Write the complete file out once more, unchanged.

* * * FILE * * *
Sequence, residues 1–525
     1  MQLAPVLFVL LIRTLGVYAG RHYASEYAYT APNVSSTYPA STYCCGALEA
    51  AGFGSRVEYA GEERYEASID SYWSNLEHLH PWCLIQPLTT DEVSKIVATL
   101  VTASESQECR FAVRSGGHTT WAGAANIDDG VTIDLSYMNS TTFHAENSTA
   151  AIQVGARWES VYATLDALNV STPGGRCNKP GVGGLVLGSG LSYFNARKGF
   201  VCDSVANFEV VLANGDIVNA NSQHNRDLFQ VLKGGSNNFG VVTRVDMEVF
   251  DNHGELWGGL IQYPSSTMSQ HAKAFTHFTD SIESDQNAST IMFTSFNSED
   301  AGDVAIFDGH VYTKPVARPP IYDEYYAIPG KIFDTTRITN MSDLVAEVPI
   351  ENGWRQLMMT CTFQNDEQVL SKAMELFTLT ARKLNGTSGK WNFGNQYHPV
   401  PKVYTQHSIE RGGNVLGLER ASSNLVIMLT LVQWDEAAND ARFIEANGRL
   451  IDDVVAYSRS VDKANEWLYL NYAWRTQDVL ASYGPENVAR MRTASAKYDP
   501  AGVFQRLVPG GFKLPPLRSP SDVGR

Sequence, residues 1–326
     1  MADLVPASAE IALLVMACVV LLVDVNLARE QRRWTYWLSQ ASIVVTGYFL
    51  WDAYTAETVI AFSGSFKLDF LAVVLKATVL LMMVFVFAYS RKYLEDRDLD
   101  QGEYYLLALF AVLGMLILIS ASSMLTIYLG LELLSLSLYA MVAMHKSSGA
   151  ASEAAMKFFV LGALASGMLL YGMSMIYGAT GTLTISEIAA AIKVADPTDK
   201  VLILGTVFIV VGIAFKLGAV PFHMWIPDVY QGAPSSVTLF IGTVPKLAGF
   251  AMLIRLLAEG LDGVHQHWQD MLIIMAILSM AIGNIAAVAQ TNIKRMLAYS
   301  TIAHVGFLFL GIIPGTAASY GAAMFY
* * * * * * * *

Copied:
Sequence, residues 1–525
     1  MQLAPVLFVL LIRTLGVYAG RHYASEYAYT APNVSSTYPA STYCCGALEA
    51  AGFGSRVEYA GEERYEASID SYWSNLEHLH PWCLIQPLTT DEVSKIVATL
   101  VTASESQECR FAVRSGGHTT WAGAANIDDG VTIDLSYMNS TTFHAENSTA
   151  AIQVGARWES VYATLDALNV STPGGRCNKP GVGGLVLGSG LSYFNARKGF
   201  VCDSVANFEV VLANGDIVNA NSQHNRDLFQ VLKGGSNNFG VVTRVDMEVF
   251  DNHGELWGGL IQYPSSTMSQ HAKAFTHFTD SIESDQNAST IMFTSFNSED
   301  AGDVAIFDGH VYTKPVARPP IYDEYYAIPG KIFDTTRITN MSDLVAEVPI
   351  ENGWRQLMMT CTFQNDEQVL SKAMELFTLT ARKLNGTSGK WNFGNQYHPV
   401  PKVYTQHSIE RGGNVLGLER ASSNLVIMLT LVQWDEAAND ARFIEANGRL
   451  IDDVVAYSRS VDKANEWLYL NYAWRTQDVL ASYGPENVAR MRTASAKYDP
   501  AGVFQRLVPG GFKLPPLRSP SDVGR

Sequence, residues 1–326
     1  MADLVPASAE IALLVMACVV LLVDVNLARE QRRWTYWLSQ ASIVVTGYFL
    51  WDAYTAETVI AFSGSFKLDF LAVVLKATVL LMMVFVFAYS RKYLEDRDLD
   101  QGEYYLLALF AVLGMLILIS ASSMLTIYLG LELLSLSLYA MVAMHKSSGA
   151  ASEAAMKFFV LGALASGMLL YGMSMIYGAT GTLTISEIAA AIKVADPTDK
   201  VLILGTVFIV VGIAFKLGAV PFHMWIPDVY QGAPSSVTLF IGTVPKLAGF
   251  AMLIRLLAEG LDGVHQHWQD MLIIMAILSM AIGNIAAVAQ TNIKRMLAYS
   301  TIAHVGFLFL GIIPGTAASY GAAMFY